Originally Posted by batjka
The ensemble is definitely put together in recent times - the script is contemporary Russian Cyrillic, put in place after the orphography reform of 1918. However, it does not mean that the items are not authentic. So-called "black archaeology" is widespread in Russia with people digging up items from passed wars and selling them as souvenirs. So it's plausible (if not likely) that the balls and the grenade are authentic ordnance from Crimean War.
Very well noted Batjka!!! The inscribed plate is most pertinent, as you say that its manner of Cyrillic is a manner post 1918. Indeed, this does NOT suggest any inauthenticity of the items used to fashion this poignant memento. …..which is what it is, NOT a contrived marketing item.
The fact that the plate simply notes 'IN MEMORY OF SEVASTOPOL' strongly suggests this notion, rather than elaborately detailing date, event etc .
While the 'black art' possibility is compelling, it is possible this assembly might have been put together many years ago from a survivors memorabilia and likely by the family who did not know details of its circumstance.
When I mentioned 'trench art', this referred to many items which were fashioned by soldiers using items of ordnance, and other battle related materials to fashion interesting assemblies in the manner of this cannon ball display. What comes to mind is candle holders etc. made from shell casings (much of this was WWI),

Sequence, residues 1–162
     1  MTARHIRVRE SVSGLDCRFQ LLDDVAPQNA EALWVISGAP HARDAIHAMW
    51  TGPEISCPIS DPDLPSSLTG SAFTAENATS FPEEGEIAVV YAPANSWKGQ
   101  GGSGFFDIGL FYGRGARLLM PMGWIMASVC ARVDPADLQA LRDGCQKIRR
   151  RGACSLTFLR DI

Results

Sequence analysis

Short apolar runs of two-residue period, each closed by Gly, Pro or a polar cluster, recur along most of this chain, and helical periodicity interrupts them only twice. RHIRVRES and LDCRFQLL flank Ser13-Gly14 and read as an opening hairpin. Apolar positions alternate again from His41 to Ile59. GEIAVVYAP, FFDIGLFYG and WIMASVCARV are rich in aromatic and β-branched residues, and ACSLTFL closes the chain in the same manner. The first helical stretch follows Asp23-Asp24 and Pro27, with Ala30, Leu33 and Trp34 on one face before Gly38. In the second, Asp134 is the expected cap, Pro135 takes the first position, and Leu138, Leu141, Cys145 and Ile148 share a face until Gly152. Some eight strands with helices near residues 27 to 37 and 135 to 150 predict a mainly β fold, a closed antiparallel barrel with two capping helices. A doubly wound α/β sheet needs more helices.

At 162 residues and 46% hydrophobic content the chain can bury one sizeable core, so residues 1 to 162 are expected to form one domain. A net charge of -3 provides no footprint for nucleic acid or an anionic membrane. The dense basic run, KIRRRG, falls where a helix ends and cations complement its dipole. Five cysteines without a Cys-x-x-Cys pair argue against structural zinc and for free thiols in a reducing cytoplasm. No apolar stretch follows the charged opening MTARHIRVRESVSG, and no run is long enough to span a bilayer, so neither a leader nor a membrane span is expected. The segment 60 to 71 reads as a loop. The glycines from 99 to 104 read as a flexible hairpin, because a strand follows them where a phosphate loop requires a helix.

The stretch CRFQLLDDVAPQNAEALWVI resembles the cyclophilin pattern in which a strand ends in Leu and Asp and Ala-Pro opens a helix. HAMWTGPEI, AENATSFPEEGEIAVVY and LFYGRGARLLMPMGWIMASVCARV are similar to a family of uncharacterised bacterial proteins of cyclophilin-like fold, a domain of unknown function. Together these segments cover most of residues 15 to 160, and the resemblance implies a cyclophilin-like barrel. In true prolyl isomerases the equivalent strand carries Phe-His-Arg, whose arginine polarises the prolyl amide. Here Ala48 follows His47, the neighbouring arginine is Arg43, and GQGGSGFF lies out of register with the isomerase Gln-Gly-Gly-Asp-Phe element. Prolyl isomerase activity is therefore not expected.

When I illustrated the photo of the 'Valley of the Shadow of Death', the intent was to convey the powerfully dramatic effect that artillery had on the men in the Crimean War, the relentless shelling and the foreboding feeling that went with the photo. The reason I brought forth the fact that it had been 'staged' was to establish transparency and emphasize this was the artistic effect the photographer wished to instill.
Clearly, whoever assembled this almost chilling memento of Sevastopol had intended to convey similar notions.
While I know that in the original post there was apparently a genuine hope of this relic/art having Waterloo provenance, however, the battles and events in the Crimea in 1854-56 were equally important. The 'Charge of the Light Brigade', mostly through the words of Lord Tennyson, is one of the most famed, and fateful, cavalry charges in history. It is remarkable that his poem, as well as this famed photo with title phrased from it, carry the dramatic nuance of this relatively little known war.
This 'memento' does much the same, regardless of when and why it was assembled.